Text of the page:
Too Long; Didn't Read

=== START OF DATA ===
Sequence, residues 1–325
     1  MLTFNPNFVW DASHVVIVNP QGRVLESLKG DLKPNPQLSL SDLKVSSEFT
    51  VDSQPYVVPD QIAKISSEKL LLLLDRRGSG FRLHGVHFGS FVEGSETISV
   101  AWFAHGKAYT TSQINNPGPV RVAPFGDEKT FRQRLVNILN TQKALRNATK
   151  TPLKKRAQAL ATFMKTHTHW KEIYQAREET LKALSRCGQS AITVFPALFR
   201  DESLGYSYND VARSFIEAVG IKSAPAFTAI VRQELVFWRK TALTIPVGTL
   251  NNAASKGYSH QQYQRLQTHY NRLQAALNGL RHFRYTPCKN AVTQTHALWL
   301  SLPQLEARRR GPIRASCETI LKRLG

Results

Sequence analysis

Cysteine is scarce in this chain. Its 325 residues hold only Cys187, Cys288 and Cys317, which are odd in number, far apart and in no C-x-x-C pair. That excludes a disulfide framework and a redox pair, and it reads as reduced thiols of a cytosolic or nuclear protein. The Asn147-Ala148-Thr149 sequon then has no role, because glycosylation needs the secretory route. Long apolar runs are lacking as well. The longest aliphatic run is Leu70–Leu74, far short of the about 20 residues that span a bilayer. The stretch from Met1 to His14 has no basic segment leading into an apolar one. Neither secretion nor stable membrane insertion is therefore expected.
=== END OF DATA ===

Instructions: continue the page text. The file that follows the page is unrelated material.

The arum Dracunculus is one of the most curious of that wonderful series of carnivorous plants which at the present time are engaging the closest scrutiny of naturalists. It is a true trap in one sense—inasmuch as it captures the victim which ventures near it; but it relies on little or no mechanical means for securing its prey, but stupefies the living insect by its odor. The flower is horn-shaped, about 11 inches in length, with an opening some 5 inches in diameter. The color within is a dull dark violet, while the interior of the spathe is lined with black, hooked bristles, the whole appearance of the flower being thoroughly repulsive. The illustrations herewith presented, Figs. 1 and 2, represent it at one third its natural size, Fig. 2 showing a section of the flower. It is not certain what attracts the insects, which are usually of the species known as the meat fly and the common house fly. They do not seem to seek for the small quantity of nectar concealed, and yet they cluster about the fatal opening, as if drawn by some overpowering fascination. Overcome by lethargy, they fall inert upon the flower, are lightly held by the bristles, and finally die asphyxiated by the carbonic acid which the plant disengages in large quantities during its inflorescence. Strange as is the action of the arum, the method whereby the mentzelia takes its prey is even more wonderful. To illustrate on a magnified scale, let the reader imagine a surface thickly covered with strong iron posts, on the sides of which are numerous keen barbs pointing downward. Then between these posts, suppose that jars overflowing with honey are placed. An elephant, let it be imagined, attracted by the profusion of sweetness, inserts his trunk between the posts and finds easy access to the honey. But while he can force his proboscis downward past the barbs turned in that direction, when he attempts to withdraw it he finds the keen points catch in the flesh, and render it impossible to do so. A terrible struggle follows, the unfortunate animal twisting and writhing in every direction, until finally by an Herculean effort the head is torn from the body, and the latter becomes digested by some potent gastric juice, exuding from the colossal organism of which the trap forms but a portion. Of course this is vastly exaggerated, and it would puzzle an elephant to pull his own head off; but if for the post studded trap, we substitute the surface of a flower, and if we replace the elephant by a fly, we shall have conceived an accurate picture of what takes place in the peculiar receptacle with which Nature has provided the mentzelia ornata. This is very beautifully shown in Fig. 3; and at A, in same figure, is represented the barbed bristles grasping the highly magnified proboscis of the fly. Between the barbed bristles are mushroom-shaped projections, from the summits of which a viscous nectar exudes. This is the honey bait which induces the insect to insert his trunk between the fatal barbs. There is still another plant, physianthus albens, which captures butterflies by grasping the proboscis. The construction of the flower is quite complicated, so that the insects are compelled to insert their trunks through a narrow and winding passage in order to reach the nectar. The organ then necessarily comes in contact with an adhesive substance, which prevents its removal.